As the Senate ended its monthlong summer break last week, Sen. Angus King returned to Capitol Hill fully recovered from COVID-19 and with big ideas in mind for the National Park Service.
“I plan to be an activist chairman,” declared King, the independent senator from Maine who heads the Senate Energy and Natural Resources Subcommittee on National Parks.
That activism will be on full display as King continues to explore ideas on how to alleviate recent crowding in national parks. One of those ideas will come in a hearing this fall on expanding the number of parks in the 63-park system (Greenwire, Sept. 7).
But that is hardly all. He also intends to examine how money is being spent on upgrades to the park service under a landmark 2020 conservation law. He has ideas for promoting lightly visited parks and thoughts on using technology to warn visitors of attendance surges. In addition, the full ENR committee is expected to consider the Biden administration’s nominee for NPS director, something King has pushed for since May.
King, 77, says he’s feeling fine after a bout with COVID-19 in August but is glad he got the vaccination beforehand. “If I hadn’t been vaccinated, I would’ve almost certainly have ended up in the hospital,” he said. “I wasn’t in very good shape.”
50 years of conservation advocacy
King has spent a half-century advocating for conservation and outdoor recreation.
He started his career in the 1970s as an environmental lobbyist in the Maine Legislature. There, he helped win a state ban on roadside advertising billboards that stands to this day. And he helped pass what became known simply as “the Bottle Bill,” Maine’s returnable beverage container law. The bottle law, aimed at promoting recycling and reducing litter, was only the third in the nation when it took effect back in 1976.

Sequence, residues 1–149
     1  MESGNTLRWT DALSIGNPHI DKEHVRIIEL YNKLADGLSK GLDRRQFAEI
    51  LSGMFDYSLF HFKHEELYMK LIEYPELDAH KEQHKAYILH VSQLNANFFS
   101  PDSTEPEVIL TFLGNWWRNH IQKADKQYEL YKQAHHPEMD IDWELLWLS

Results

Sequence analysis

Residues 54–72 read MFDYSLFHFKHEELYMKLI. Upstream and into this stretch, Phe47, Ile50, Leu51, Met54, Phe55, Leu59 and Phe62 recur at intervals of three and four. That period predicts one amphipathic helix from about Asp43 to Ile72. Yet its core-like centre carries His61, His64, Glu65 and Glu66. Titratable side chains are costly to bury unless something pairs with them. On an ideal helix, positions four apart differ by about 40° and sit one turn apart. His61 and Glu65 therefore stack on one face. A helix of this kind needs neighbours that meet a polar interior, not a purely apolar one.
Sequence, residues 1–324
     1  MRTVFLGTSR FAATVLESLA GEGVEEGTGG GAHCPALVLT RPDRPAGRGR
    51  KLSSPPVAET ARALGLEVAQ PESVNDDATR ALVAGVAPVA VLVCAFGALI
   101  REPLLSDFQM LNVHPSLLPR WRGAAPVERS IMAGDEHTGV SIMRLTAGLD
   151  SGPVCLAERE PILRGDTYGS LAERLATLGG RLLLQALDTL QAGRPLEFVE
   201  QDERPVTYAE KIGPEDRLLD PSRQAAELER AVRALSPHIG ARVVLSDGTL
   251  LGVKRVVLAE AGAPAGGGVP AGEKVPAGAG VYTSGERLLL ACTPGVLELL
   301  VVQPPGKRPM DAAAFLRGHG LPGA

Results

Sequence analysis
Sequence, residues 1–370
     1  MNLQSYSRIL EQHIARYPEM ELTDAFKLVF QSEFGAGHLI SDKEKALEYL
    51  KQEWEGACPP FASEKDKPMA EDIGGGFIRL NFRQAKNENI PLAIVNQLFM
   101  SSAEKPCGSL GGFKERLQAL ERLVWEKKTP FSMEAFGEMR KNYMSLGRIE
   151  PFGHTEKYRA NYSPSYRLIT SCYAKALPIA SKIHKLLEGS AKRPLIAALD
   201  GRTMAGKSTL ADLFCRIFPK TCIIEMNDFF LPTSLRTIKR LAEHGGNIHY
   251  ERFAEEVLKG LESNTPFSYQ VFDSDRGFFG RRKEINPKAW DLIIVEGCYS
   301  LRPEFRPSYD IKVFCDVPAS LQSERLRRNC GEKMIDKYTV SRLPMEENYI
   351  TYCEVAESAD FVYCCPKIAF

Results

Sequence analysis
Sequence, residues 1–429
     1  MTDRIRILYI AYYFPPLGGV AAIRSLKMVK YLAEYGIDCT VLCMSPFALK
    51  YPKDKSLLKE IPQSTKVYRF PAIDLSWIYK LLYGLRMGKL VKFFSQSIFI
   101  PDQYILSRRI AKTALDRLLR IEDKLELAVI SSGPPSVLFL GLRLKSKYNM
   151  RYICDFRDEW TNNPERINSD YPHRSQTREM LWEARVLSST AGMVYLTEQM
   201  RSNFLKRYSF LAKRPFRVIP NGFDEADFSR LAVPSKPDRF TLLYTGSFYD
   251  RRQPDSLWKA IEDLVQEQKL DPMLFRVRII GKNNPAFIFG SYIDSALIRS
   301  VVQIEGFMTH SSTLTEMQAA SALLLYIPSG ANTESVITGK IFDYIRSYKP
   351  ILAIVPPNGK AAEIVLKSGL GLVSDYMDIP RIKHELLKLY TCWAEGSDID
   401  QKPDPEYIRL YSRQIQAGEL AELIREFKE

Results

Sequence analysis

As the governor of Maine from 1995 to 2003, he led the drive to preserve 604,000 acres of land in each of his state’s 16 counties, a mass larger than the most-visited park in the country, Great Smoky Mountains National Park in North Carolina and Tennessee. He cites it as one of his top accomplishments.
Prior to that, King served on the Governor’s Commission on Outdoor Recreation that ended up recommending the creation of a program called Land for Maine’s Future, which ultimately became the state’s primary funding vehicle for saving more property from development.
With King chairing the campaign to pass a bond issue, the new program kicked off in 1987 after voters approved $35 million to purchase lands. Later, as governor, King signed a bond for an additional $50 million investment for the program that Maine voters passed in 1999.
“I’ve always thought this was one of my most important contributions, and the neat thing about it is it’s more or less permanent,” King said. “In the business that I’m in, when you can do something that you know will persist through decades and even centuries, that’s good stuff.”
King, who took over as subcommittee chair in March, has a lot he wants to accomplish. He’s still mulling ideas on how to add parks to the NPS portfolio. But he said it’s time for lawmakers to consider whether 63 national parks are enough for Americans after the overcrowding at many sites across the country this summer, including Acadia National Park in his home state.